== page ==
Please welcome Tia Fielding with
A love as easy as breathing.
Life started out rocky for Devin Rice, but it’s turned out pretty well. He has adoptive parents and a brother who love him, and he works as a coder for his dad’s video game company. Romance is scarce, but a chance encounter leads to more than he ever expected.
While dropping off an assignment for his sick brother, Dev meets his mentor. Art history professor Seth Kent is brilliant and gorgeous, just what Dev has been looking for. Except that he’s in a long-term committed relationship.
Seth’s partner, Leaf, is older and sees the world differently due to his unusual upbringing. To him, the clear attraction between Seth and Dev isn’t a problem, it’s an unexpected gift. After all, Leaf is often on the road, going wherever rescue dogs need rehabilitation.
When Leaf meets Dev, all the missing pieces fall into place, and three men from different worlds and at different points in life fill each other’s empty spaces. For them, building a future together is the most natural thing in the world. But their unconventional love causes waves in their careers and family dynamics, and each man has his own doubts and fears to overcome.
Get the book:
I guess I’ve always been, from a very young age, one of those people who love details and things that are a bit different. My favorite My Little Pony wasn’t the prettiest one, it was the one who sat when the others stood, even though I didn’t like its markings so much. My favorite Barbie was battered, because I’d inherited it from a cousin, but it had the face I found most appealing as it was an older “model” of Barbie.
As a child, I fell in love with a song that had a handful of especially pretty notes in its bridge. Once in a whole song, yet it was still special to me. To this day, the song makes me smile.
I had a crush on a teacher who had different colored eyes, even though they weren’t beautiful in any other way. I found a horse lovelier than others, because it had a little spot of white on its bottom lip, hidden unless you knew exactly where to look.
The one spot in my childhood home’s yard always smelled so nice compared to any other place. And there was that one boulder with the almost cup-like dent in it where I could put things when I played by it—it wasn’t a good spot to play in, but because of the dent, I endured all the rest.
Little things. Tiny things. Looking more carefully. Making people go “huh?” when I pointed something out. Having adults look at me fondly when I explained about a thing they hadn’t noticed.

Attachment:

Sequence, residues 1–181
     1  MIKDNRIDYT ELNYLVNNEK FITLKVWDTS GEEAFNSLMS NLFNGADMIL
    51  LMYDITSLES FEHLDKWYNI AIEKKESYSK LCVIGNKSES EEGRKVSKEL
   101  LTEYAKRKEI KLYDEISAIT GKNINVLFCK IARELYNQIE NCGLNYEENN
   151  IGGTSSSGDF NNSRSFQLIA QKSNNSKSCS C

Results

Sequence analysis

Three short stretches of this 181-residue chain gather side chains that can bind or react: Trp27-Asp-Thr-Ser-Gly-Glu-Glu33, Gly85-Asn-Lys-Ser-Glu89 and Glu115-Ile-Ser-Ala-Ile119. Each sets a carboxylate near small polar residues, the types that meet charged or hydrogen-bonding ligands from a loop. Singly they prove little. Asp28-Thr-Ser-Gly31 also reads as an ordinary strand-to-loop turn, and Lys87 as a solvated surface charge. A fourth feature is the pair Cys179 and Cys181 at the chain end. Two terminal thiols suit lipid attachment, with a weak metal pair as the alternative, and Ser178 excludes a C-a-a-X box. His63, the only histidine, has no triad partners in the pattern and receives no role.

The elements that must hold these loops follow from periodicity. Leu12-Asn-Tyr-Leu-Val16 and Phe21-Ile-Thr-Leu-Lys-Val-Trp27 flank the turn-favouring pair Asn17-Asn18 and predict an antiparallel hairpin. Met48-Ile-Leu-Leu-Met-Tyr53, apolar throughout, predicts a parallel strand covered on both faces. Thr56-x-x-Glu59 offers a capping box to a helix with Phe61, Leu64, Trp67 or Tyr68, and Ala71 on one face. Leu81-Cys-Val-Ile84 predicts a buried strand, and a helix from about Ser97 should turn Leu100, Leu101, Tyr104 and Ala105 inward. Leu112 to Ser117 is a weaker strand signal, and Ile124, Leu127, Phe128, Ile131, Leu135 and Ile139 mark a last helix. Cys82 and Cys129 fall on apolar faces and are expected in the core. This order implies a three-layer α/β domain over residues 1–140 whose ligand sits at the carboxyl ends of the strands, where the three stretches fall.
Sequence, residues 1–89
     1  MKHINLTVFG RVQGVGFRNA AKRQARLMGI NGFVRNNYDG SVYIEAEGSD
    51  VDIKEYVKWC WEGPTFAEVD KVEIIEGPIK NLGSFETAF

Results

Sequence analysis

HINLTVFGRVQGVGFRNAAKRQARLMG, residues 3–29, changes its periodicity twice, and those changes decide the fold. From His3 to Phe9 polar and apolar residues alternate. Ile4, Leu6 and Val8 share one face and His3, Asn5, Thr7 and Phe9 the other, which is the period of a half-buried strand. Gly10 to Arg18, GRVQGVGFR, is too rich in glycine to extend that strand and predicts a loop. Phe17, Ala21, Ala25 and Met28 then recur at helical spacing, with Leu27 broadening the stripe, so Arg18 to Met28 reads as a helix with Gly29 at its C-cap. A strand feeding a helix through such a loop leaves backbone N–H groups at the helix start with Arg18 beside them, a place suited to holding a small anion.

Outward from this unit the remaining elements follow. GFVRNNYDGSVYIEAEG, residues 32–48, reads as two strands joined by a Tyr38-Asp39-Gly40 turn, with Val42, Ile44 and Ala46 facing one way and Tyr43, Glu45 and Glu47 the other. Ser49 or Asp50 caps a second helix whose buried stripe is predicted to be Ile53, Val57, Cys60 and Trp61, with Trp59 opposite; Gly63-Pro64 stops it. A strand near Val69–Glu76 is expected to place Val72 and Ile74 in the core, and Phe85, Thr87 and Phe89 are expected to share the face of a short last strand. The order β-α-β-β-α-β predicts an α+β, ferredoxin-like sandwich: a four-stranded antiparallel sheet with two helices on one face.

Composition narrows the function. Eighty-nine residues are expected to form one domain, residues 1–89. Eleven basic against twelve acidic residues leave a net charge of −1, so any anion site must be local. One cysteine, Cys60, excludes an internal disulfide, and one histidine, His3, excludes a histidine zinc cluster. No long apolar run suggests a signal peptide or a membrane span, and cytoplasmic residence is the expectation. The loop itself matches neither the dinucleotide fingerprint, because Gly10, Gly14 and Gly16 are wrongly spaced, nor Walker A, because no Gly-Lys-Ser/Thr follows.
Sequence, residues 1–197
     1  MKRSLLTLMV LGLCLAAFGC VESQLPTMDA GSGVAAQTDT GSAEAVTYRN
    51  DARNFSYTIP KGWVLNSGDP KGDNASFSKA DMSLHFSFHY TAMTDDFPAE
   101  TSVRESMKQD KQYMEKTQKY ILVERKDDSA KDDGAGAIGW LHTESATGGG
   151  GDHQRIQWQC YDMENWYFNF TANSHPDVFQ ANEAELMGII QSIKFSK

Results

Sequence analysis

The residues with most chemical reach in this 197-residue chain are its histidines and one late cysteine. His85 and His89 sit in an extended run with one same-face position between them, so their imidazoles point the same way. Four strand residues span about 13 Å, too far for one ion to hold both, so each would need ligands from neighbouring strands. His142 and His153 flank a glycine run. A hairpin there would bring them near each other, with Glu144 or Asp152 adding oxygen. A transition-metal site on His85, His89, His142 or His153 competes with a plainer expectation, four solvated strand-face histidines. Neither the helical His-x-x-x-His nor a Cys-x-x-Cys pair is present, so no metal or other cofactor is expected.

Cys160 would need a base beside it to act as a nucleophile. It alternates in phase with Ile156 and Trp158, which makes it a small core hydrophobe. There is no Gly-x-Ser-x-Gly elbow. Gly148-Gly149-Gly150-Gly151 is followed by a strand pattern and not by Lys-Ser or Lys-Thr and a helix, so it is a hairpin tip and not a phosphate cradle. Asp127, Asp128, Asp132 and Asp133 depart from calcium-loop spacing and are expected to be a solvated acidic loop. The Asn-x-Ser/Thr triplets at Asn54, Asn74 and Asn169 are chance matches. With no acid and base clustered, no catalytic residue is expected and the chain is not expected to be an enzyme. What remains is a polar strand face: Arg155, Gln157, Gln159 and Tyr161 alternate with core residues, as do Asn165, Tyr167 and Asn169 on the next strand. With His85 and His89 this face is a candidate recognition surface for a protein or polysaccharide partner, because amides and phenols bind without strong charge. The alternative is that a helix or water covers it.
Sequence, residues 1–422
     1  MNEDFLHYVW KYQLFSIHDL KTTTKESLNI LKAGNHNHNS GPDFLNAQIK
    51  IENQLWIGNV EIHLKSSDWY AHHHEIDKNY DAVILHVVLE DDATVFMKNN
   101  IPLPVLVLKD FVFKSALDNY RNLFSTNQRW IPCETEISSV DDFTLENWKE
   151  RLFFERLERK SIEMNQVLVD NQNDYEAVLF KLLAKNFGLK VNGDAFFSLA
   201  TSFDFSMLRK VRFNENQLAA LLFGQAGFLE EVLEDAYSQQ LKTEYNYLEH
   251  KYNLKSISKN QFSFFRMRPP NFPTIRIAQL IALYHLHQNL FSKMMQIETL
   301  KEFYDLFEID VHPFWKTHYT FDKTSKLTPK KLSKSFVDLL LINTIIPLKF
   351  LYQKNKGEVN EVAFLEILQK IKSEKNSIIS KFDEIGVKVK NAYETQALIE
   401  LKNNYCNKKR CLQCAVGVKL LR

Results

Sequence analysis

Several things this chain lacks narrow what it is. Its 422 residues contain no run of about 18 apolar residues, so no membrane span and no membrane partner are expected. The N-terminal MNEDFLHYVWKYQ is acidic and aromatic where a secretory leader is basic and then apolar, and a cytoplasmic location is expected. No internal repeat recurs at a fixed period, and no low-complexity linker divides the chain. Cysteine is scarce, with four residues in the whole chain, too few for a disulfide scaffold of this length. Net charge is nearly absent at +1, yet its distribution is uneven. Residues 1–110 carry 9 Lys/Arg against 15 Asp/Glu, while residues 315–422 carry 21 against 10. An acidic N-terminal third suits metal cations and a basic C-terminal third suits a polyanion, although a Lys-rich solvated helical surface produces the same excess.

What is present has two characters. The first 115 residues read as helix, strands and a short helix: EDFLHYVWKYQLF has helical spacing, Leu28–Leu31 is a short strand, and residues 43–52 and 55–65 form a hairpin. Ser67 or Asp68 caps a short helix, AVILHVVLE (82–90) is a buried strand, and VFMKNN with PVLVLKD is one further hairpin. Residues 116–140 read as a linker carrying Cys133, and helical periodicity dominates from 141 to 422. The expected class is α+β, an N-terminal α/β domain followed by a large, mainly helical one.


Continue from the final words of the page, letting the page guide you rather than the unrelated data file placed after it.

I think sometimes I put details in my stories that nobody notices. Or maybe there’s one reader for each book that notices it and maybe they bypass it or smile or laugh or cry? I don’t know, really. There are little details that mean nothing for anyone but myself and maybe one character in the whole book. But for me, they make the story what it is. The indulgent author in me revels in these little things and they sometimes keep me writing when my muses try to say it’s time to stop.
It’s funny how sometimes I find these things in my WIPs, too. Like the time when I read an old WIP and found an aged drag queen’s lipstick color named after my favorite flower, or when a house I’d described in another story was partially based on a building I’d been in as a teenager and I’d fallen in love with.
Lately, when real life stress and my basic mental health issues have made me lack spoons for writing, I’ve channeled the “little things” aspect a bit differently. I’ve been using an extremely cheap macro lens you can attach to your iPhone and taken bunch of macro photos.
It’s oddly freeing, walking around my parents’ yard in the countryside, crouching to take photos of this or that thing. A flower, a leaf, an extreme closeup of a statue, moss on the surface of a birch tree, or maybe something completely different like the nose of one of my cats, or the patterns pollen has made onto the surface of my dad’s car.
More than any other type of photography, taking macro photos makes me disappear into the moment. It keeps me concentrated for long seconds as I try to use the crappy lens to get something good out of whatever I’m trying to snap a picture of.
It’s… peaceful, almost, the headspace it brings me, and for someone with ADHD… let me tell you it’s more than welcome!
Here are a few collections of my macro-photos from this summer. Not all of the shots are in any way perfect, but as I’ve stated, I find beauty in the little things, sometimes quite literally.
About the author:
Tia Fielding is a thirtysomething Scandinavian who is a lover of witty people, words, cats, sarcasm, autumn, and the tiny beautiful things in life. Tia struggles with stubborn muses and depression, but both are things she has learned to live with. Tia identifies as genderqueer, but isn’t strict about pronouns. Why? Because luckily, in her native language there aren’t gender-specific pronouns. Being a reclusive author living with her fur-babies is another fact of life for Tia, among the need to write that seems to be a part of her psyche by now. In 2013 one of Tia’s novels was recognized by the industry’s Rainbow Awards in the Best LGBT Erotic Romance (Bobby Michaels Award) category.
Promotional post. Materials provided by the author.